I have had this post in planning for a few months but today is the day for finally sharing with you three of my favourite art books.
The really interesting thing about all three is that they do not directly relate to the way that I currently sketch. And they are not technique based books with lots of step-by-step demonstrations.
The reason they are my favourite is because they explain concepts and make me think.
This isn’t a detailed book review of each but simply an overview containing what my ‘off the top of my head’ takeaway thought is right at the moment – months and months after reading each book.
Perhaps in some ways this might be a more interesting way to review a book? Articulating what I remember about a book and I have absorbed into my work. It might not be as accurate as if I had just finished reading it but it is a sign of its impact.
I suggest that you check out the Amazon reviews for more details – or if you have read these books, please leave comments below in this post for others.
Hawthorne on Painting
I have been reading and re-reading this book since July 2012 when Anne Watkins in NYC told me about it. I have packed this little book in my suitcase on many trips (I now have a kindle version as well) and would often pick it up and read a few sentences at the end of a big day out sketching. The book contains a selection of quotes from Charles Hawthorne to his students about painting.
The book is focused on shape-based painting, not drawing. When I first started reading it, I was addicted to line so it was a completely different way of thinking. Now that I am more into shapes, I get much more out of this book, but even in the early days of reading it, Hawthorne’s thoughts were inspiring.
My big takeaway from the book: Painting is simply one coloured shape next to another.
I bought this book after a conversation with Shari Blaukopf in Barcelona in 2013 – she is a mega-fan of Tom – so when I got home looked him up and ordered his book straight away. Since starting to write this post, another sketching friend, Suhita Shirodkar, recently did one of Tom’s workshops and blogged about it here.
This is not a how-to watercolour book as such, although there are a few step by step demonstrations included, so I think it is best suited for someone who has some experience. It is a book for thinking about watercolour with lots of food for thought.
The whole book is great but I particularly remember the chapters on seeing in layers and sharing control of wetness – what great chapter headings, hey? I included a long quote from the book in this recent blog post.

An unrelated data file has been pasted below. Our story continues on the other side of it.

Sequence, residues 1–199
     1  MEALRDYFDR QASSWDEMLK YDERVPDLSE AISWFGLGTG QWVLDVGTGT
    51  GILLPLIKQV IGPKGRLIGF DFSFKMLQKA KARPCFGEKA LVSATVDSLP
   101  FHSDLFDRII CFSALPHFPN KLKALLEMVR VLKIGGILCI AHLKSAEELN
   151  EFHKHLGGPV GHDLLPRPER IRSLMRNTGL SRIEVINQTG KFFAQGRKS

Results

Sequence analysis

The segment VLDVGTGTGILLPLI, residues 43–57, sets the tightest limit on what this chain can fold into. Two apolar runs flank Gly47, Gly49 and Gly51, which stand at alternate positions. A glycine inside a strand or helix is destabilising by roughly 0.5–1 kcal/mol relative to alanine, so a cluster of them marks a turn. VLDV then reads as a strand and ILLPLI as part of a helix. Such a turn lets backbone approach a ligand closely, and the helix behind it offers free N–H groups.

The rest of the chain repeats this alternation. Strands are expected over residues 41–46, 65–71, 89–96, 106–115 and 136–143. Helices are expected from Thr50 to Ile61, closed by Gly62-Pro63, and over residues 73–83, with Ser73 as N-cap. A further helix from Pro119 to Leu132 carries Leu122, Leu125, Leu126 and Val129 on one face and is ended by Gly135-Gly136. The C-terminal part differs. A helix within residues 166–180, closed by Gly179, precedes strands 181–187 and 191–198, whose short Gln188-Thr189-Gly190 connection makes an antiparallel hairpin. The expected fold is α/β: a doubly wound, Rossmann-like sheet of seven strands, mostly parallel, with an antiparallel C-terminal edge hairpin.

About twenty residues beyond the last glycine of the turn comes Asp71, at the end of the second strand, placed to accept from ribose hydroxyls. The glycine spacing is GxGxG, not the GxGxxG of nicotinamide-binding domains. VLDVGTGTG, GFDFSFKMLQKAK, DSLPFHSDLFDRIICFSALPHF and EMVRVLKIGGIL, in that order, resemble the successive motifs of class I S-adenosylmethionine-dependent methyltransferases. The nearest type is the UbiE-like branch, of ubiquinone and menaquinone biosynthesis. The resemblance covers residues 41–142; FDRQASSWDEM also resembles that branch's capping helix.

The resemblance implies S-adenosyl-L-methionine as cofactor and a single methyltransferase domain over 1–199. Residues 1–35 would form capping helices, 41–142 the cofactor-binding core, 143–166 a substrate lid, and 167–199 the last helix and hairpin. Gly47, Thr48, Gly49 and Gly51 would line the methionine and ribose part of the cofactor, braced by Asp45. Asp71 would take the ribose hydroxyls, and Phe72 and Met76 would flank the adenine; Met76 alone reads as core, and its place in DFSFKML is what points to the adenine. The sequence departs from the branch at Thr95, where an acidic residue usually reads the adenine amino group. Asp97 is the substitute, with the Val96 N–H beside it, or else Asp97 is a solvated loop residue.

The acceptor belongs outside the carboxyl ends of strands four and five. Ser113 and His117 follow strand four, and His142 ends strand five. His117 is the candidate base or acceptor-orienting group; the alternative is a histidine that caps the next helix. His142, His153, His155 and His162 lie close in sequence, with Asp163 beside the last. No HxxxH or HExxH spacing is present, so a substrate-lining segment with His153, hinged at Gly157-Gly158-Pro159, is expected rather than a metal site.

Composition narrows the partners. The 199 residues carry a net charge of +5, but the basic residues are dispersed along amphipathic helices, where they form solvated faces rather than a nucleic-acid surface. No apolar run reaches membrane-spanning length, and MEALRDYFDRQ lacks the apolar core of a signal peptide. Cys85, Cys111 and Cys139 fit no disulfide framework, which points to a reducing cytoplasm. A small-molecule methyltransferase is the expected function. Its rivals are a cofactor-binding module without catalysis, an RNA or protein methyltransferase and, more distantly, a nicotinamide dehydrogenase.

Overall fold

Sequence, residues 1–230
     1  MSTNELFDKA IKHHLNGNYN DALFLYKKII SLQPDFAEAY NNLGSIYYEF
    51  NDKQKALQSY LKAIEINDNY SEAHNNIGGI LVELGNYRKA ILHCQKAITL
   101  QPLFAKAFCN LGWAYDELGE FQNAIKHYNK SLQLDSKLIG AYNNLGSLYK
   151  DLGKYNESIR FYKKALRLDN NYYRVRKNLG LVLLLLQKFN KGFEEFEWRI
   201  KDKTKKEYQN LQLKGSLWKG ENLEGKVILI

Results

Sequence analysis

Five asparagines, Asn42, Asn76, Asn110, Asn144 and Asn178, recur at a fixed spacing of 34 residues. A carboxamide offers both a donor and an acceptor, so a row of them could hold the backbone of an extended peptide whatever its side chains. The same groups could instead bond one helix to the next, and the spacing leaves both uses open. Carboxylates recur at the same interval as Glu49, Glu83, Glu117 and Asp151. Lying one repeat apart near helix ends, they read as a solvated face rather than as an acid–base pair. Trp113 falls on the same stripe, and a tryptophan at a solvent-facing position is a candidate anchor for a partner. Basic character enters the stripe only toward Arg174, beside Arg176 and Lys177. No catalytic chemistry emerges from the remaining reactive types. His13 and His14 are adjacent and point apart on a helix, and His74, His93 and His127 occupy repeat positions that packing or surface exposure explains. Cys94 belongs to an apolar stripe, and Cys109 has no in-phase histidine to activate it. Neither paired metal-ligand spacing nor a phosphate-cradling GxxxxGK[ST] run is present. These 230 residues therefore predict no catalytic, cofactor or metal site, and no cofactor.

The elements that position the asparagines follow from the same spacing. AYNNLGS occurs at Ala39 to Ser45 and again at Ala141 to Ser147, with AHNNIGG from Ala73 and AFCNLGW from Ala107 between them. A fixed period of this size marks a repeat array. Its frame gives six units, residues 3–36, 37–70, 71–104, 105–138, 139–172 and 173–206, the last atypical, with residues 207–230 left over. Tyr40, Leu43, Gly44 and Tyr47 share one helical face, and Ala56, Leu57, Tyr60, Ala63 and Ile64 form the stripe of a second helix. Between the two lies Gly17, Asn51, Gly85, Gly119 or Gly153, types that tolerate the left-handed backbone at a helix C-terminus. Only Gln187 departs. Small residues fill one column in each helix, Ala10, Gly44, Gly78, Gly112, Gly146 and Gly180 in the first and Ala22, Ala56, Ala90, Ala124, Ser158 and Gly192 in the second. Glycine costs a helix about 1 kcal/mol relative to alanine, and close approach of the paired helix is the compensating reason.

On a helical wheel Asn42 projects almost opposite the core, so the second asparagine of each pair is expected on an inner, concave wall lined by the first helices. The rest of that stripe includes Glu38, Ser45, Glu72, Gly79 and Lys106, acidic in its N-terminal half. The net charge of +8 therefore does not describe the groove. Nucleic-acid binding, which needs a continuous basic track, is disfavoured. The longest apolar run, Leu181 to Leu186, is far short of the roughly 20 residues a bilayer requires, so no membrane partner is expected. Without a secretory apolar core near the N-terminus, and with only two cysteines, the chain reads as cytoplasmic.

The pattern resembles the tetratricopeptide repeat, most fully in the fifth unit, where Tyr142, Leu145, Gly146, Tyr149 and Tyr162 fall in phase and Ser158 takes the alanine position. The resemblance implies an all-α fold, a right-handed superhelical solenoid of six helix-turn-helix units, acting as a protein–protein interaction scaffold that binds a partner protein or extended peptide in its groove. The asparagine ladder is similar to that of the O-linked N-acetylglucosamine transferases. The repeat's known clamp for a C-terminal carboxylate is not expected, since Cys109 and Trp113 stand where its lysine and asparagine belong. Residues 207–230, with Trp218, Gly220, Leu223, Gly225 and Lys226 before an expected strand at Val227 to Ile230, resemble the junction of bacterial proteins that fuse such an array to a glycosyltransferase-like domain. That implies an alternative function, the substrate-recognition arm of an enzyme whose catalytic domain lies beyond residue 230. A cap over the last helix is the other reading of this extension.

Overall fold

I really need to re-read it again soon and share more insights with you.
My big takeaway message of the book: Watercolour looks spontaneous but requires a lot of planning.
Early in 2015 while having a coffee with Chantal Vincent, she mentioned looking at the work of animators. That was enough to start me thinking: animators design movement a little bit like architects design buildings – this includes having understanding of structure and then using it to tell a story. I then started googling and lots of people referred to the handouts of Walt Stanchfield from his Gesture Masterclasses at Disney Studios.
I can’t tell you how wonderful these books are – not just in regard to capturing gesture but also general creativity and drawing. I started reading them just after putting together the content for my Foundations online course. One of the big ideas I introduced in that course is how feeling edges, abstracting shapes and constructing volumes are different ways of seeing and that they work together. Aside: this is what I will be teaching in my upcoming workshop at the USK Symposium in Manchester and in my SketchingNow Buildings course in September.
I had a lot of half formed ideas that didn’t make it into the course, ideas about the ways in which constructing volumes (a more left brain approach) can really strengthen your work and that often it’s not just a matter of drawing what you see. This is a major part of Walt’s teaching – the book is full of his quick sketches correcting the ‘students’ drawings to show how to strengthen the story by modifying the gesture. This involves the ability to deconstruct the subject mentally and then put it together from a slightly different viewpoint. So it was unbelievably inspiring to read a master artist articulate his theories of using both left and right brain when drawing, which was where my ideas were heading but I had thought they might be a bit too radical!
While used in the context of the human figure, I think of this Walt quote all the time when I sketch buildings: “Perspective should be felt not diagrammed.”
Oh! there is so much in these books – I am certainly not doing them justice in these few lines. So if any of my readers have read these books, I would love you to leave a comment sharing what you love about them most, so others can get a better idea of the rich content.
Takeaways: Using both sides of the brain when you sketch, not drawing what you see but modifying it to tell the story better… and much more. I really need to re-read this book again soon.
So there you have it, three perhaps slightly surprising ‘favourite art books’… but if you know me well, you will understand that I love thinking about art and this selection will make more sense.
So, what about you? What are your favourite books?
Have you read any of these three books? did you enjoy them?